How Much Does an Oil Filled Radiator Cost to Run?

a heating equipment in a room

Oil filled radiators have a number of advantages over other forms of heating, such as electric heaters or gas boilers. They are more energy efficient than traditional electric heaters and can save you money in the long run. The average energy efficiency rating for an oil-filled radiator is around 90%, meaning that only 10% of the electricity used is wasted as heat loss. This makes them one of the most cost-effective ways to keep your home warm during winter months.

The amount you pay for running an oil-filled radiator is contingent upon a few variables, such as the size and type of model selected, how often it’s utilised, and what temperature setting it’s set at. Generally speaking though, when taking into account running costs over time they tend to be more economical than other heating systems – particularly if you opt for a larger model with multiple settings which allows you to adjust the temperature according to your needs throughout the day or night.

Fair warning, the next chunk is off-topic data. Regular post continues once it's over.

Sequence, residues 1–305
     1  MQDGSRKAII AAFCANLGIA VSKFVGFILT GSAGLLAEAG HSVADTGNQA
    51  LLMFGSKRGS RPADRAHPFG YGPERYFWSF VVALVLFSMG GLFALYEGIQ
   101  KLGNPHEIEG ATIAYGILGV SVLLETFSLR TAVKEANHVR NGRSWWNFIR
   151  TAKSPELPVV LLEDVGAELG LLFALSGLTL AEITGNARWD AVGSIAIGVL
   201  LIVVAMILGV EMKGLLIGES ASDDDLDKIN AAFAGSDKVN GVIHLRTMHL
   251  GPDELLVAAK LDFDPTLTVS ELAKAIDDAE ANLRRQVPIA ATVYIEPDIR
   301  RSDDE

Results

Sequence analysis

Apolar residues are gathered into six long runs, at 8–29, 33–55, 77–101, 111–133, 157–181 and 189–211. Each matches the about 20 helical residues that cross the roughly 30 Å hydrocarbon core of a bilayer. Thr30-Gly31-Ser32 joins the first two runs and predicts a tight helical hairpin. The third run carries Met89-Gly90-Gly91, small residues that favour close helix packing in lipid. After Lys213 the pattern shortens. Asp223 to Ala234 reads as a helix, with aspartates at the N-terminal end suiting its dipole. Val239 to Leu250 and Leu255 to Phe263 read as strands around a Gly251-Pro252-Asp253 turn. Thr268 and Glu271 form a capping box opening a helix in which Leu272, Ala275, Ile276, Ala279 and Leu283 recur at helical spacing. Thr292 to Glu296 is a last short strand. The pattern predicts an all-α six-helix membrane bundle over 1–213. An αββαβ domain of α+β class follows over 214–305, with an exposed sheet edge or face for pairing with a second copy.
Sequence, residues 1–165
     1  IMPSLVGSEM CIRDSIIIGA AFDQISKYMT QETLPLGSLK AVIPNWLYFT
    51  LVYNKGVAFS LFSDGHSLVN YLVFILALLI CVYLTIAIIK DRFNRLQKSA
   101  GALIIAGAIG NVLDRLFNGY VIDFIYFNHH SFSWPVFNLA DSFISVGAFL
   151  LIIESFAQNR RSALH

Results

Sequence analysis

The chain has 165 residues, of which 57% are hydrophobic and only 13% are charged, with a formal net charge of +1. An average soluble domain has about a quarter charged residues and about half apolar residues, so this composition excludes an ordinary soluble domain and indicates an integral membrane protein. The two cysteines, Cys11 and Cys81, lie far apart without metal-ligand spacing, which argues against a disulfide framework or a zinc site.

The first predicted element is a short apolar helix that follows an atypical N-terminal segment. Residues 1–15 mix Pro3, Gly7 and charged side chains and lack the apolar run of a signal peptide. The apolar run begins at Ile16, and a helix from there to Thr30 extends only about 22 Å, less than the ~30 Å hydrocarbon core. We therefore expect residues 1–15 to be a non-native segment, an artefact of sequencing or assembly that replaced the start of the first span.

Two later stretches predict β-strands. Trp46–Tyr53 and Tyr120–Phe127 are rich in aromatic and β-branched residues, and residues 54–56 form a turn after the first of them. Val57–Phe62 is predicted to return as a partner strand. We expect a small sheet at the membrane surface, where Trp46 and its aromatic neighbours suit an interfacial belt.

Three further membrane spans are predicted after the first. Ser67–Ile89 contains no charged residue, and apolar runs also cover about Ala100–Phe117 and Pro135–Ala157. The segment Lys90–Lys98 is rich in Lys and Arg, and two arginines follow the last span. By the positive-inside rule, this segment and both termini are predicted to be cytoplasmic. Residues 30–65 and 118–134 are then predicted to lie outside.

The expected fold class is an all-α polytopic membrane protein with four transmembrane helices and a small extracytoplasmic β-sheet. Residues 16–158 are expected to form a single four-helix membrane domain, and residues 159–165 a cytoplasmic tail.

On average, an oil-filled radiator will cost around £0.15 per hour when set at its highest setting – this equates to approximately £3 per day or £90 per month (based on 8 hours of use). By comparison, electric heaters typically cost between £0.25 – 030 per hour depending on their wattage output – making them significantly more expensive than their oil-filled counterparts in terms of running costs alone.

By understanding the running costs of an oil filled radiator, you can make more informed decisions about how to reduce your energy bills. In the next section, we’ll look at some ways to help lower these costs.

Ways to Reduce Running Costs